Title Abraham Lincoln
Author Carl Sandburg
Publisher Unknown
Release Date 2015-09-30
Category Biography & Autobiography
Total Pages 32
ISBN 142909611X
Language English, Spanish, and French
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Book Summary:

In February 1959, Carl Sandburg gave an address on the occasion of Abraham Lincoln's 150th birthday before the Joint Session of Congress. The Lincoln biographer spoke of the nation's 16th president as a man "who is both steel and velvet, who is as hard as rock and soft as drifting fog, who holds in his heart and mind the paradox of a terrible storm and peace unspeakable and perfect." This short work is part of Applewood's "American Roots," series, tactile mementos of American passions by some of America's most famous writers and thinkers.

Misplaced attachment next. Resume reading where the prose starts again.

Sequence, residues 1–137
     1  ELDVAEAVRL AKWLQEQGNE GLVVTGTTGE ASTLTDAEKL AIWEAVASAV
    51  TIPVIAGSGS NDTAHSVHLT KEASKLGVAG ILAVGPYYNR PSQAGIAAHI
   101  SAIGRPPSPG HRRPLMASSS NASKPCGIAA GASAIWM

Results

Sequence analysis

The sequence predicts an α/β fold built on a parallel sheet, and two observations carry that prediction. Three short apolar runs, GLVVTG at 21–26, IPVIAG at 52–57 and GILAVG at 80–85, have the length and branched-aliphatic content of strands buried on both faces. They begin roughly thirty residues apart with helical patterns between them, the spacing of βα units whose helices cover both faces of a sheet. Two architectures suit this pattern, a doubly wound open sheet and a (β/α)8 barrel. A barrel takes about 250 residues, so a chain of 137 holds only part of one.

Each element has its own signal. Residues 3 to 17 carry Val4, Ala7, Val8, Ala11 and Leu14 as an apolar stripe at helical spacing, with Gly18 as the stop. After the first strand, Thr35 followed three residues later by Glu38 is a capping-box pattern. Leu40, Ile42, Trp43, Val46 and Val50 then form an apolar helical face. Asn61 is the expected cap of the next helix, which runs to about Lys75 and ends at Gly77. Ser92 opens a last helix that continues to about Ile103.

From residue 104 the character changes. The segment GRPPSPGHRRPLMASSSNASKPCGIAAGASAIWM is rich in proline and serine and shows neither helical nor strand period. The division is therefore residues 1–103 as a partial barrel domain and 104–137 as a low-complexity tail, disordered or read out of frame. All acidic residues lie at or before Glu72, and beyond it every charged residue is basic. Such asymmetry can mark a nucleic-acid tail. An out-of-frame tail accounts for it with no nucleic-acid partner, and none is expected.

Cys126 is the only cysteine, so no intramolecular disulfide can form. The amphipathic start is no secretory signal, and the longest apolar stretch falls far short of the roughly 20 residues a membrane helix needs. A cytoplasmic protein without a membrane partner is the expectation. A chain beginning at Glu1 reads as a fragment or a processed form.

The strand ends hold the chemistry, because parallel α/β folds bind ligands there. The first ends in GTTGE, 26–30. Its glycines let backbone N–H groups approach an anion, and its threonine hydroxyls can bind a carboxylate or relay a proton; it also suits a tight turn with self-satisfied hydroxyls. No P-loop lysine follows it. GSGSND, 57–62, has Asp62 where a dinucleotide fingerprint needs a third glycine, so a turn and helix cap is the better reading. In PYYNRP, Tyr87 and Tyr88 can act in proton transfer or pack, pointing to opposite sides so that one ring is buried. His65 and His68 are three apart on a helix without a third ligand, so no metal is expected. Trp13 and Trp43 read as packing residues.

Larrikins In Khaki by Tim Bowden

Title Larrikins in Khaki
Author Tim Bowden
Publisher Allen & Unwin
Release Date 2019-07-15
Category History
Total Pages 456
ISBN 9781760871604
Language English, Spanish, and French
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Book Summary: